DIY Pelican Case Velcro Organizer
DIY Pelican Case Velcro Organizer
Tired of not having a decent organizer in your rifle case? Well, there is a fairly simple fix that could be as cheap as $60. When I purchased my Pelican 1740, I was looking at the lid and thinking there was a lot of potential space wasted.
It dawned on me that it could be a great place for a velcro panel, but there were some snags. By creating your own panel, you have nearly endless possibilities in storing handguns, magazines, knives and almost any other accessory.
First, most “Patch Panels” on the market aren’t rigid and are designed to hang from a wall. The second problem I came by was the lack of velcro resources in my area. I searched high and low trying to find yardage of velcro and sourced only one supplier. Unfortunately, they sold it by the 45 yard roll only. Luckily, there’s a fantastic traditional hardware store close to my house, so I was able to track down a better solution. The velcro I found was 2 inches wide and featured a very strong adhesive backing. It’s essentially velcro with carpet tape backing, so it stays where it’s put. A better source that I found after making mine was Bryan’s DIY Patch Panel where there is a link to an online supplier that sells more types of velcro.
- Hard Case (sturdy)
- Acrylic Board (cut to fit your case)
- Velcro Backing (adhesive backed or non*)
- *Can of spray adhesive if none on the Velcro*
- Box Cutter/Utility Knife
- Cutting Mat (or surface you don’t mind cutting into)
- Measuring Device (ruler or tape measure)
The start of this project was with a 12″ x 40″ x 1/4″ acrylic panel. You could use particle board or anything rigid that would stand up to the strain of use. Acrylic or some form of plastic will work better because the adhesive will bond better vs. wood and is much lighter than metal. Once you source a strong back for your velcro it’s time to start cutting the velcro. Starting at one side by pressing down the velcro and remember to go slow. Once the velcro sticks to the acrylic, it’s not going to want to come off. You can make minor adjustments, but be patient when placing the strips.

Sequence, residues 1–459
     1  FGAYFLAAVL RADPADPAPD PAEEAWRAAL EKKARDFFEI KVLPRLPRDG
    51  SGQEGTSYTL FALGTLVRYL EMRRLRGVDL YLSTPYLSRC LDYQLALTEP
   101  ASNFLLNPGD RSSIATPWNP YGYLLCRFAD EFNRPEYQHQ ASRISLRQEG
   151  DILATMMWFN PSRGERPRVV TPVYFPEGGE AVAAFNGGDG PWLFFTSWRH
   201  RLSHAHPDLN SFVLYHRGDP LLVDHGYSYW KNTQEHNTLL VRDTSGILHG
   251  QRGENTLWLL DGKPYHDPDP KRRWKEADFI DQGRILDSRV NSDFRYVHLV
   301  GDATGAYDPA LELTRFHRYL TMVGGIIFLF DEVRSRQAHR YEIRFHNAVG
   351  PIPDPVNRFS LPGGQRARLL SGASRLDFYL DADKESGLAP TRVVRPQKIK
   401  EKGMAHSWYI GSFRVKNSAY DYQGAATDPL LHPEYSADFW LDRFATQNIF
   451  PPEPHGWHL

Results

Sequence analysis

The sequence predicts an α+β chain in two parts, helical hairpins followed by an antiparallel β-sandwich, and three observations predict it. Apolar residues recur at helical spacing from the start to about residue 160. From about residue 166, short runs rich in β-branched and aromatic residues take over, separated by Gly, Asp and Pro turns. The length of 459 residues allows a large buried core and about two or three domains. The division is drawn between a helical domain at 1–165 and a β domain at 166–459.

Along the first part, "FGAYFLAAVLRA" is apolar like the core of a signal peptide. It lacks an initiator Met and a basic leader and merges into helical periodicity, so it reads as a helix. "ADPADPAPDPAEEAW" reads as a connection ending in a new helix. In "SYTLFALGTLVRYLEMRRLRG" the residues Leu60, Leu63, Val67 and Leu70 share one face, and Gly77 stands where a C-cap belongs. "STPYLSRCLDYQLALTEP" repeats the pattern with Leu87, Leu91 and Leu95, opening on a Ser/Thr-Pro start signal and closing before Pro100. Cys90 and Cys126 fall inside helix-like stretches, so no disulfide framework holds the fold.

After setting the strips down flip the panel over to cut off the excess. Using a utility knife cuts it very easily, but mind your fingers. Once you trim the edges, it’s time to push down on the velcro to make sure the adhesive is fully bonded to the panel. With the acrylic, it’s pretty easy to see where the bubbles are to push them out, but all you really need to do is push down the velcro thoroughly.
Once you’ve made sure the velcro is fully adhered on the front, it’s time to fit it to your case lid. On the Pelican cases like I’m using here, there are four raised surfaces that get in the way. These also make it easy to place velcro though. What I did, was to adhere the loop strips on the back of the case first. Once they were put on, I then took the hook lengths (parts that go onto the back of the patch panel) and placed them onto the hook lengths on the case lid. Be sure to very lightly place them on, you do not want them to fully connect.
Next, take off the plastic that protects the adhesive and then carefully line up the panel with your case and put it against the lid. Because you lightly connected the two lengths, you can peel off the panel and they will stay adhered but separate. Now you can press them down firmly and then you are done!
Once you have made the panel, the sky’s the limit when it comes to how you want to organize. Here you can see three ITS Gen II Holster Inserts and two ITS Shock Cord Inserts being used to organize weapon lights, knives, firearms, etc. I’ve had little to no movement with the heavier items in the case. I’ve slammed the case around and the firearms don’t budge. Hopefully you’ll find this helpful and if you have any questions, feel free ask in the comments below.
Editor-in-Chief’s Note: Please welcome Maxwell as a contributor on ITS Tactical. Maxwell aka HUFFwell is proud to be a member of the Pacific Northwest Search and Rescue team and a long time gear enthusiast. He’s a photographer by trade and enjoys spending a lot of time outdoors gaining experience through training.